What does functional and not functional mean

Functional, non-functional requirements

In requirements engineering, a distinction is made between functional and non-functional requirements.
Functional requirements describe the desired functionalities (what should the system do / be able to do) of a system or product, its data or behavior.
Non-functional requirements are requirements for the "quality" in which the required functionality is to be provided.

Quality in the aforementioned sense means for example
  • how the functionality should be carried out (e.g. response time)
  • Conditions under which the functionality is executed (e.g. 7x24 hours)
The distinction between functional and non-functional requirements is not essential - it is essential that both types are fully taken into account in the project.

Usually it turns out that the client mainly thinks of the functional requirements. Only think of the non-functional requirements where they have had bad experiences in the past (e.g. insufficient availability, poor quality, etc.)
However, reasons can be defined why the distinction between functional and non-functional requirements can be essential:

Functional requirements differ from product to product; i.e. if a bank builds different applications, the functions in these applications will very likely differ. Non-functional requirements, on the other hand, can be specified / suggested or even standardized for many products from the same company (e.g. uniform decision-making and thus "similar" usability; specifications of operating modes which are supported by the organization, etc.)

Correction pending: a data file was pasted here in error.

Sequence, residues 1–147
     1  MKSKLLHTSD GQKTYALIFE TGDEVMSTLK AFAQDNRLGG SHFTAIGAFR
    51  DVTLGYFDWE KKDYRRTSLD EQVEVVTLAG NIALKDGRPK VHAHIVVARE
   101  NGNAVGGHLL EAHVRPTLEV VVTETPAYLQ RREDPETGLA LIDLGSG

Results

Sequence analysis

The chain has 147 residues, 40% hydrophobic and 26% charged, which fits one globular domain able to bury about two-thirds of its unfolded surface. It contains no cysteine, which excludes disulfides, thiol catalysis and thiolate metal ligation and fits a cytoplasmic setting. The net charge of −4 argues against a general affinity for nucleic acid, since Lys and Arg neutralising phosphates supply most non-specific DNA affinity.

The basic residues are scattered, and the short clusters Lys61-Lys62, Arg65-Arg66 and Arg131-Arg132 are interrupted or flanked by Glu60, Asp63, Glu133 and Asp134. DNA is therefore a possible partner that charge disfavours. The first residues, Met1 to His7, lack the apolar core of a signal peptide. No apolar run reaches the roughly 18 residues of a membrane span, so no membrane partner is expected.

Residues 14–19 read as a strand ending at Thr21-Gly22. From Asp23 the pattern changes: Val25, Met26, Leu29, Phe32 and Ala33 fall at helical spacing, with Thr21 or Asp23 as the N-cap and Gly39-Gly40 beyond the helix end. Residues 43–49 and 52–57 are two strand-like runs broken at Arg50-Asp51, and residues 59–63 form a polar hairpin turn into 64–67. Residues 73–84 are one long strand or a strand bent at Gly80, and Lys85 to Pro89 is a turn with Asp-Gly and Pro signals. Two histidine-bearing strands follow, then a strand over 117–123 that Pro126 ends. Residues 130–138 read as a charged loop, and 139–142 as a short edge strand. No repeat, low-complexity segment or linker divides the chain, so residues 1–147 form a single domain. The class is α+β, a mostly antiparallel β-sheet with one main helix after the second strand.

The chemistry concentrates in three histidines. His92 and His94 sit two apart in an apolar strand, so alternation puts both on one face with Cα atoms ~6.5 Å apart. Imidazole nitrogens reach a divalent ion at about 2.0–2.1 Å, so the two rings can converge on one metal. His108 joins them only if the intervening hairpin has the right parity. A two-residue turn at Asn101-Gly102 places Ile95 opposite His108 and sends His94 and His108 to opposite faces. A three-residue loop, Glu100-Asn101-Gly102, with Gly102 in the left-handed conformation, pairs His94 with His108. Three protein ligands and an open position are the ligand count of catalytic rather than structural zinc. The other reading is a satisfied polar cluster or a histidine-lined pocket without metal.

A second reason is that the non-functional requirements often affect the entire architecture, the entire design of the product, while the functional requirements usually only have "local" effects; i.e. if the non-functional requirements are "screwed on", this normally has far more far-reaching consequences than with the purely functional requirements.

A third reason is that non-functional requirements are often only / only recognized as requirements if bad experiences have been made with this topic in the past. Or would you define a requirement for the performance of your new PC if you had never had performance problems before?
From a project perspective, however, it can be said that - with the exception of the characteristics defined in the previous paragraph - the distinction between functional and non-functional requirements is not essential - it is only important that both types are taken into account!

You can build a system that perfectly covers and fulfills all functional requirements; if the non-functional requirements (e.g. usability, response time behavior, etc.) are not correctly taken into account, the system will not be accepted by the user / customer.